In February 2023, the CMA provisionally found the merger could make Microsoft even more powerful in cloud gaming. In finally blocking the deal, the CMA has shown an unwillingness to allow Microsoft to standardize terms and conditions for using games, believing cloud gaming should evolve through the “dynamism and creativity” engendered by a competition. To understand the CMA’s concerns, consider the issues raised not just by “cross-play,” the feature mentioned above wherein games may be played on several different platforms, but also by “cross-progression” (the ability to recall the player’s state when moving from platform to platform) and “cross-wallet” (the ability to make in-game purchases on different platforms). Cloud gaming is popular because it facilitates the ability of consumers to use multiple devices (phones, tablets, etc.) to cross-play, cross-progress, and cross-purchase. Empowering Microsoft as the arbiter of these features—either as publisher of the most popular games (post merger), operator of the most ubiquitous gaming cloud platform, or both—is the competitive danger the CMA and FTC seek to avoid. Microsoft has vowed to appeal the decision in the U.K., but its appeal rights there are quite limited.
Because these incipient effects will occur in a nascent market, some commentators have suggested that the antitrust authorities should articulate protecting innovation as their reason for blocking the deal. Protecting innovation is a necessary element of preemptive intervention in nascent markets, but by itself lacks economic content and cannot be quantified. At least by articulating the absence of conditions on which vertical acquisitions are viewed as benign, an intervention would continue in the tradition of an antitrust regime that hews closely to the economic realities of competition and is therefore resistant to being attacked as ad hoc or ideological.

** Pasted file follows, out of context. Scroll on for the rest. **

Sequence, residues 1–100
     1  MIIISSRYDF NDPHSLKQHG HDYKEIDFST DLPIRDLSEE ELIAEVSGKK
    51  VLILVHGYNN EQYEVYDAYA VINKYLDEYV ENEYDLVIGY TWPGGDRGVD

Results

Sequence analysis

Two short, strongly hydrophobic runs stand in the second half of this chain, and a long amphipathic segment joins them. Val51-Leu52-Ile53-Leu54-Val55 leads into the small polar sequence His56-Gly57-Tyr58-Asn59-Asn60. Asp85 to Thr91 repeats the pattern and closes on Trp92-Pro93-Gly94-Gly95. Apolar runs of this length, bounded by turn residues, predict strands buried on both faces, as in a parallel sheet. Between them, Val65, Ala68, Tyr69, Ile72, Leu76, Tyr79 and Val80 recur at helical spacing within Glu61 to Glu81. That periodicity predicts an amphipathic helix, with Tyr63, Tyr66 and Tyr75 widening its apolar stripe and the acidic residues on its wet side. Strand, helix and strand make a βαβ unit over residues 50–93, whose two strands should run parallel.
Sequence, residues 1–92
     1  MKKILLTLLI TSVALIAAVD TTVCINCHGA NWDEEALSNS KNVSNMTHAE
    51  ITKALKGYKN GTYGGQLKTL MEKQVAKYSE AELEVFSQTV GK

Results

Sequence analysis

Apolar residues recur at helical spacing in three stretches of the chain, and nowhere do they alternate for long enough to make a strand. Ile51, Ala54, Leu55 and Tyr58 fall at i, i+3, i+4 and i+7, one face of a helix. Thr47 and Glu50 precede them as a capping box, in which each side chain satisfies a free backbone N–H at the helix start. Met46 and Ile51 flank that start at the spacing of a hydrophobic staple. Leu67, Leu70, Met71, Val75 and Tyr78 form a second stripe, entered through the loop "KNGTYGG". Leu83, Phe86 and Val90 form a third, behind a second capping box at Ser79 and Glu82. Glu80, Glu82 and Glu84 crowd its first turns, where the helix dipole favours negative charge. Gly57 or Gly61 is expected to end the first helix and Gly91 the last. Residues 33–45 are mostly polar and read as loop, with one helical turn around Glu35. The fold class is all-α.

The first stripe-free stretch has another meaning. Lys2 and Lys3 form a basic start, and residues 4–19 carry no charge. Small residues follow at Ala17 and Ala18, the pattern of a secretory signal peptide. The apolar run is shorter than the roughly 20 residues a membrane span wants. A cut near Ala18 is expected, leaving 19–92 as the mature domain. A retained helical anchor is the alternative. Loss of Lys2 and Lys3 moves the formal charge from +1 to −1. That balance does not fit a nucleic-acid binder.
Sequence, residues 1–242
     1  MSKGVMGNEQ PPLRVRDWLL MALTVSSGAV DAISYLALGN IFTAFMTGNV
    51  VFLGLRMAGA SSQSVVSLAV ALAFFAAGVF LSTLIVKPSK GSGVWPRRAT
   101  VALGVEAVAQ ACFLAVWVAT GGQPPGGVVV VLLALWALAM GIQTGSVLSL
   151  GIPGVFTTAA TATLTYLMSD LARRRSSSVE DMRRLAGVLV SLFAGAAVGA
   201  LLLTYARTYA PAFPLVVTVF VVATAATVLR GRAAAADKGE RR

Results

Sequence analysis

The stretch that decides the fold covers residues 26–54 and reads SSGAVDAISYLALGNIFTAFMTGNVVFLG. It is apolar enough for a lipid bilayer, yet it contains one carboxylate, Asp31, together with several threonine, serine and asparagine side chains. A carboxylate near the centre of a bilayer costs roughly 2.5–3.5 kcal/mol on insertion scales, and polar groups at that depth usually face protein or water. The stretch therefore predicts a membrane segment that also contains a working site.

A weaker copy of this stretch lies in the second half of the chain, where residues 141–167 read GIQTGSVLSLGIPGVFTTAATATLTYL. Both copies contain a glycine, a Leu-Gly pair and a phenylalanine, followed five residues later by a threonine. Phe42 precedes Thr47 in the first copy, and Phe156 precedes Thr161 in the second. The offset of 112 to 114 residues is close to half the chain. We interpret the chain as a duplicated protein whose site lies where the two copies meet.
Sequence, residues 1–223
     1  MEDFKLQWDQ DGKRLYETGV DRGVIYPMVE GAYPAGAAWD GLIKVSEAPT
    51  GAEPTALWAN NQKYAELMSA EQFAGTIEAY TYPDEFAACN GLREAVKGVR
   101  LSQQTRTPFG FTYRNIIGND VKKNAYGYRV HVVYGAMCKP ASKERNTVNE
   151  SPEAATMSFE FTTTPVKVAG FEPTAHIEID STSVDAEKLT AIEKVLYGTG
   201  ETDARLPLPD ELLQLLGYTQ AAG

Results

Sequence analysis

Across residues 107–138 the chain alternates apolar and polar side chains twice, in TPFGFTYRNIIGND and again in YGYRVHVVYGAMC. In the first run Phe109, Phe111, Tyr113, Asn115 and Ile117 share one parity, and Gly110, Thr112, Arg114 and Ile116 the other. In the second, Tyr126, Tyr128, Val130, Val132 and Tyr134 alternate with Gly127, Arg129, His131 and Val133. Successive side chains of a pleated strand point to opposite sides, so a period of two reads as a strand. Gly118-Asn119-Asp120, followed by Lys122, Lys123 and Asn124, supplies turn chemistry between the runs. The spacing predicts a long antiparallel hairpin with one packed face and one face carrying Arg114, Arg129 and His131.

The FTC and CMA clearly share overlapping beliefs about the danger of the Activision acquisition to competition in what the FTC calls the “cloud gaming subscription services” market. We wait to see whether the companies will call off the merger at this point and, if not, whether the FTC will succeed in its challenge.
[i] Modularity, Vertical Integration, and Open Access Policies: Towards a Convergence of Antitrust and Regulation in the Internet Age by Joseph Farrell, Economics, University of California, Berkeley, and Philip J. Weiser, Law and Telecommunications, University of Colorado, Nov. 15, 2002, revised September 2003, published by the University of California at Berkeley, Department of Economics. Read the paper.